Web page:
Through the years, the annual Earth Hour has witnessed entire cities go dark to symbolize a commitment to reduce fossil fuel consumption and save the environment. This year, because of the pandemic, it will be done virtually. 

“This year – amidst the current global circumstances – we invite you to raise awareness and create the same unmissable sight online, so that the new world sees our planet, the issues we face and our place within it, in a new light,” the Earth Hour Organization said in a statement posted on its website.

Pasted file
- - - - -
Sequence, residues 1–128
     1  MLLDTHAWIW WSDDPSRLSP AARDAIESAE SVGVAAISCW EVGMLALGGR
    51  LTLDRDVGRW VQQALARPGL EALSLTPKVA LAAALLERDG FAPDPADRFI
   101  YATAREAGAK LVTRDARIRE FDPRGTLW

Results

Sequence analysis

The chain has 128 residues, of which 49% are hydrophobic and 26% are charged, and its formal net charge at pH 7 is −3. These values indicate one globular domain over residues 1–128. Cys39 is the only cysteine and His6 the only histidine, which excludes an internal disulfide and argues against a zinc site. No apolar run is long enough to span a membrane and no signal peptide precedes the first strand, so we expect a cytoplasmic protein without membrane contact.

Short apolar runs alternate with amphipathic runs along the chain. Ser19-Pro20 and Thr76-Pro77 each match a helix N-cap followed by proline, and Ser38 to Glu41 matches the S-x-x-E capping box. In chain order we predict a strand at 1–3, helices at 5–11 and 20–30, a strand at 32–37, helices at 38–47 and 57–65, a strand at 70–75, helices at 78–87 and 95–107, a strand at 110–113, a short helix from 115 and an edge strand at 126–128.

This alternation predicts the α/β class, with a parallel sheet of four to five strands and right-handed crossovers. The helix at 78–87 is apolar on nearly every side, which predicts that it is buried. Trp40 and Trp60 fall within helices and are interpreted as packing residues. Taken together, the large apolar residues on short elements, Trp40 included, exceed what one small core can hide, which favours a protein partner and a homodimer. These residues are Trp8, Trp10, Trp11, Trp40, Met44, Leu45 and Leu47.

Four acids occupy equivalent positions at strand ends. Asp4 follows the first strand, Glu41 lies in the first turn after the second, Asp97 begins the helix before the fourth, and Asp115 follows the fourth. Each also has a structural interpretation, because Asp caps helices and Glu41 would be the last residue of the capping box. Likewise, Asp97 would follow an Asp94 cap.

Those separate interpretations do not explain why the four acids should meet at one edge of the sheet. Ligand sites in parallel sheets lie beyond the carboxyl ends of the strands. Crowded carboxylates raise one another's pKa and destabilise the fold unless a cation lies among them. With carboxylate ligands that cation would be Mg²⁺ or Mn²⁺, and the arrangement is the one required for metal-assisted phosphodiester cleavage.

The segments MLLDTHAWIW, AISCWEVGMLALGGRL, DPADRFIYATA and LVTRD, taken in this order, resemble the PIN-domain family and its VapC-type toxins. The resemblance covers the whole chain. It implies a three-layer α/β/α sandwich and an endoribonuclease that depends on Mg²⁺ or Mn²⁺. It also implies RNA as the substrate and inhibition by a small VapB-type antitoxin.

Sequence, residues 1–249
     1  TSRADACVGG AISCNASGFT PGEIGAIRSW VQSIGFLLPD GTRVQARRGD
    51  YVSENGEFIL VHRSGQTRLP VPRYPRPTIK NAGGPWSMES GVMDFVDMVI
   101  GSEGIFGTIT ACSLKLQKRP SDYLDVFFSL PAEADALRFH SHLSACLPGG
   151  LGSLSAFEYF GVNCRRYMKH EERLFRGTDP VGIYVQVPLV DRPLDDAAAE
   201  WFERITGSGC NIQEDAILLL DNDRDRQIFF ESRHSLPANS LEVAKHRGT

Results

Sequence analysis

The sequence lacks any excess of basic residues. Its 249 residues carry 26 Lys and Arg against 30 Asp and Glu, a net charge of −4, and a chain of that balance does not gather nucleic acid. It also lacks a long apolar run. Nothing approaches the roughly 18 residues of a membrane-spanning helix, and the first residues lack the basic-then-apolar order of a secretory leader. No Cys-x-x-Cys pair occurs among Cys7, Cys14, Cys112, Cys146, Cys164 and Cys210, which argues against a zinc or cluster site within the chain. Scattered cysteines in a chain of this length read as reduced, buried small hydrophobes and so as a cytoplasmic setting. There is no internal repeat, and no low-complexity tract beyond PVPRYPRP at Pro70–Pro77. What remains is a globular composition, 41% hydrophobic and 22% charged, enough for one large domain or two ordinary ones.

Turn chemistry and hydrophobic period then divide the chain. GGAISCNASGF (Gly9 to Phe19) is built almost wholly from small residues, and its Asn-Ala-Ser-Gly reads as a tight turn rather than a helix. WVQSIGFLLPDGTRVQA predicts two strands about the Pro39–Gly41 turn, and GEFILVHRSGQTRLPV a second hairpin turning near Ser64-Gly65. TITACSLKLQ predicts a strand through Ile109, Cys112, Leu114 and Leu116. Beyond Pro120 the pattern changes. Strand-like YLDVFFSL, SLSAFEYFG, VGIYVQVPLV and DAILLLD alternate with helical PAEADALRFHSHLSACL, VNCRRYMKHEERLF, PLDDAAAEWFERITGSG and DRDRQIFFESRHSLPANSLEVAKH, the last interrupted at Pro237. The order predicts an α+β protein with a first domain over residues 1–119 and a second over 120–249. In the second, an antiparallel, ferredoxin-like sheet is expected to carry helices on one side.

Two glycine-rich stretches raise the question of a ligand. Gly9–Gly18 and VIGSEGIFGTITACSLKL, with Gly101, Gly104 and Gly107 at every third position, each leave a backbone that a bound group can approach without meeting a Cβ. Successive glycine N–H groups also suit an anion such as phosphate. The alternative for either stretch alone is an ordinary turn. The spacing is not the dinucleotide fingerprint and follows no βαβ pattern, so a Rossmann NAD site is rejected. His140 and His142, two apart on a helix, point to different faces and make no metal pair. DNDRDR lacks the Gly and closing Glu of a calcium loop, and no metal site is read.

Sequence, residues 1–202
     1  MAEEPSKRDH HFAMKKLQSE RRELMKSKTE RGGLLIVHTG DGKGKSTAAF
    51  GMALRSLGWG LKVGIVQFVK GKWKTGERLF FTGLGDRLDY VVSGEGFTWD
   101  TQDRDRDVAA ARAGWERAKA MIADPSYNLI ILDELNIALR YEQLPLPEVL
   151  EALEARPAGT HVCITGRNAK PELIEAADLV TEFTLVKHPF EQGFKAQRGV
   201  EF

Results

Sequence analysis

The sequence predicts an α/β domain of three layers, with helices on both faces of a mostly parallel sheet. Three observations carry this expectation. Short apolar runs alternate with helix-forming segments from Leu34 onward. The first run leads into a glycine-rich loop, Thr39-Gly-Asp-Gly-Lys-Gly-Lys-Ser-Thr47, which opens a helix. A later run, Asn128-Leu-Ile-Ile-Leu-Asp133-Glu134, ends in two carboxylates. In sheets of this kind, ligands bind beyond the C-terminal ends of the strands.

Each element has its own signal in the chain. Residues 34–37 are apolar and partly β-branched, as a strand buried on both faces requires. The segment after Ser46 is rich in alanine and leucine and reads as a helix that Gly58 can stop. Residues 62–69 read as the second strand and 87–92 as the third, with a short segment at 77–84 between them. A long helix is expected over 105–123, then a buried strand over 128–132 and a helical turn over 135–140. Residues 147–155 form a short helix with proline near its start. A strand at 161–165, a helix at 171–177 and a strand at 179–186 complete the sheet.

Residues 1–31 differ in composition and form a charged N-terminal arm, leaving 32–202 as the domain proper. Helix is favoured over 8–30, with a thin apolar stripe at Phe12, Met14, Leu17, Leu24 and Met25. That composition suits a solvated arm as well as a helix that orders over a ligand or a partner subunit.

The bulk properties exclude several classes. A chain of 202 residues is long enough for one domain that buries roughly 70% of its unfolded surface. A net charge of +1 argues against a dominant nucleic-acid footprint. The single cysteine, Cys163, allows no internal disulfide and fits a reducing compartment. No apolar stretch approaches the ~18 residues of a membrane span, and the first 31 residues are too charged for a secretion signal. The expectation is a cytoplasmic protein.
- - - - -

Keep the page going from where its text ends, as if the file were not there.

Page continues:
Traditionally, the lights-off hour is done on the streets, and an activity will take place afterwards. But this year, it will be done by sharing a video uploaded by the Earth Hour Organization on its social media pages on March 27. 

“Our goal is simple: put the spotlight on our planet and make it the most watched video in the world on March 27 (or beyond!) so that as many people as possible hear our message,” the organization said. 

Started by the World Wildlife Fund in 2007, Earth Hour is held every year on the last Saturday of March. J. V. Yap